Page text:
·         the operating system of the log management solution

·         any database servers it uses

·         the Active Directory forest in which the log manage server resides if a Windows server

·         the NAS or SAN where it stores log data

Moreover if the log management application or any of the components above run inside a virtual machine you should also include:

·         the virtualization host, such as VMWare ESX(i), if it runs inside a virtual machine

·         the virtualization manager, such as VMWare vCenter

·         any of the components listed earlier which are used by or host the virtualization manager

And of course physical access to any of those components would also potentially allow administrators to compromise the integrity of your audit trail.  Wow!  Does that mean your log management solution needs to run on a completely separate infrastructure?  To the extent possible, absolutely.  It certainly speaks to at least consider building your log management components from traditional physical servers and local disk storage.

And remember such separation is a protection against not just internal rogue admins but any outsider that succeeds in obtaining privileged access well.  Any outsider sophisticated enough to achieve that will also make efforts to erase their tracks.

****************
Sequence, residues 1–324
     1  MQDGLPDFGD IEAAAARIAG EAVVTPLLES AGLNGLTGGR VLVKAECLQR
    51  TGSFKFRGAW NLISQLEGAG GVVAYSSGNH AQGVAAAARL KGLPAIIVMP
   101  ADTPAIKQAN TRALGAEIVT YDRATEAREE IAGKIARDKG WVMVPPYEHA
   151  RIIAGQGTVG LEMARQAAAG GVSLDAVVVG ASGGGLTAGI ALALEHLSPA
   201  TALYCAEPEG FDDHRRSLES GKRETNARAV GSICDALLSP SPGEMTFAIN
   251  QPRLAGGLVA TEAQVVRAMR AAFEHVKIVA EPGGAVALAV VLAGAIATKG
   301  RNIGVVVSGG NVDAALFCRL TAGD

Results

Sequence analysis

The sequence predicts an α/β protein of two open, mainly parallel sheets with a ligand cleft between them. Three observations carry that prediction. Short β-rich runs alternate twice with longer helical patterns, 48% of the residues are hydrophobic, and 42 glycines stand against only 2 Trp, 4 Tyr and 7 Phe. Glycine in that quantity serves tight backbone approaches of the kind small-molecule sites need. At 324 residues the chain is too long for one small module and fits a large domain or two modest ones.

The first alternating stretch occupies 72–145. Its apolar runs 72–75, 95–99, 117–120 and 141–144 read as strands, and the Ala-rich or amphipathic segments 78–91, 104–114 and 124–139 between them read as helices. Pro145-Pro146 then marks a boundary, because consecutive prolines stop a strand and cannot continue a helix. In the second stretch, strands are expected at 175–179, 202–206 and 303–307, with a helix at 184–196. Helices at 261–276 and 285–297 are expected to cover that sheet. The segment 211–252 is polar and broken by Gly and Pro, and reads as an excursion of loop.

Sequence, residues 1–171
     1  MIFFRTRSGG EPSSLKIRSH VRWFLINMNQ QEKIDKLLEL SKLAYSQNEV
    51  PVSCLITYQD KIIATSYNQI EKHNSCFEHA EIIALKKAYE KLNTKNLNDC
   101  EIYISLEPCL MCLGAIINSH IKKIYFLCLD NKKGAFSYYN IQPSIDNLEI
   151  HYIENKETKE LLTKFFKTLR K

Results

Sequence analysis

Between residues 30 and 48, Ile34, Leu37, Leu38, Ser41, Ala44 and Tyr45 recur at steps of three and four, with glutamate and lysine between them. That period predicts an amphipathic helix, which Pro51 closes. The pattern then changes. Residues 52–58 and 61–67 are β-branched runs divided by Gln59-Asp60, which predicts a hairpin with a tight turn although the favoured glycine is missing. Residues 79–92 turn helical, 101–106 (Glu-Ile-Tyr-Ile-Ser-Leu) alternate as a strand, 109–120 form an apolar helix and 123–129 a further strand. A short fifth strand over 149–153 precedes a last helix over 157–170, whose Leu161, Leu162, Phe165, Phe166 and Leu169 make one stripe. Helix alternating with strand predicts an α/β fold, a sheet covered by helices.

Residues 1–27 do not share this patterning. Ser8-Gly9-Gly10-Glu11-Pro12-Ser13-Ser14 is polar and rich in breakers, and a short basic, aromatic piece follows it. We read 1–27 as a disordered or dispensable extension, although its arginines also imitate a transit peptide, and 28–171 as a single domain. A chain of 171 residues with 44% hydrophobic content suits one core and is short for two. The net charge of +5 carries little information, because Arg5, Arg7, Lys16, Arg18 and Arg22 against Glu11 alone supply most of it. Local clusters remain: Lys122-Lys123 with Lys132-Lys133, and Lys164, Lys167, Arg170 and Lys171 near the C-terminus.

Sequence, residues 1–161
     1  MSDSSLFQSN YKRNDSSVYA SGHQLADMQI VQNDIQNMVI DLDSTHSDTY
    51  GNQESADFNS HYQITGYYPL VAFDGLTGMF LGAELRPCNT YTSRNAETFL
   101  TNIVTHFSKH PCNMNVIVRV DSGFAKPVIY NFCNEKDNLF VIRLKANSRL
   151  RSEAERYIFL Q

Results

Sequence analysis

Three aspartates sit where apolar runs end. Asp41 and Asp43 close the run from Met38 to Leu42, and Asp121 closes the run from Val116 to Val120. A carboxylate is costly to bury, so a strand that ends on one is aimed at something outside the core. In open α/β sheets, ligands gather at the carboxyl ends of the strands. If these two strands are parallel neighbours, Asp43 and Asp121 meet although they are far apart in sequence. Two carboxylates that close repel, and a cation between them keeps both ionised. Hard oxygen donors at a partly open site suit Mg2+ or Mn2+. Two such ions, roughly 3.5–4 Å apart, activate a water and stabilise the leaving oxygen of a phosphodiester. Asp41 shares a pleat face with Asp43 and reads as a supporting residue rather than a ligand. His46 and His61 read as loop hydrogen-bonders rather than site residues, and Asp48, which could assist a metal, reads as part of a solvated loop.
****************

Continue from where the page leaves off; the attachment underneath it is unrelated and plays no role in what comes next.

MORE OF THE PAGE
Of course there are always cost/benefit comparisons to be made.  Typically the larger the organization the more important and more practical it is to achieve maximum separation between the log management solution and the environment it monitors. 

Beyond hardware and software separation, you must also consider who will provide the care and feeding for the log management application, database servers, storage, OS and other components.  Larger organizations have a dedicated information security team.  Within that team there should be a group with responsibility for the audit log management process.  For full accountability and separation of duty, that team should have no privileged access to production business systems monitored by the log management process.  Ideally that group would provide the care and feed necessary for all components in the log management solution.  Of course that may be impractical since information security professionals on that team may not be conversant in all the technologies involved.  In that case they should call upon the expertise of IT staff with the required skills as needed and ideally they would supervise the actions taken by such staff to ensure they do not compromise audit log integrity such as through the introduction of backdoors.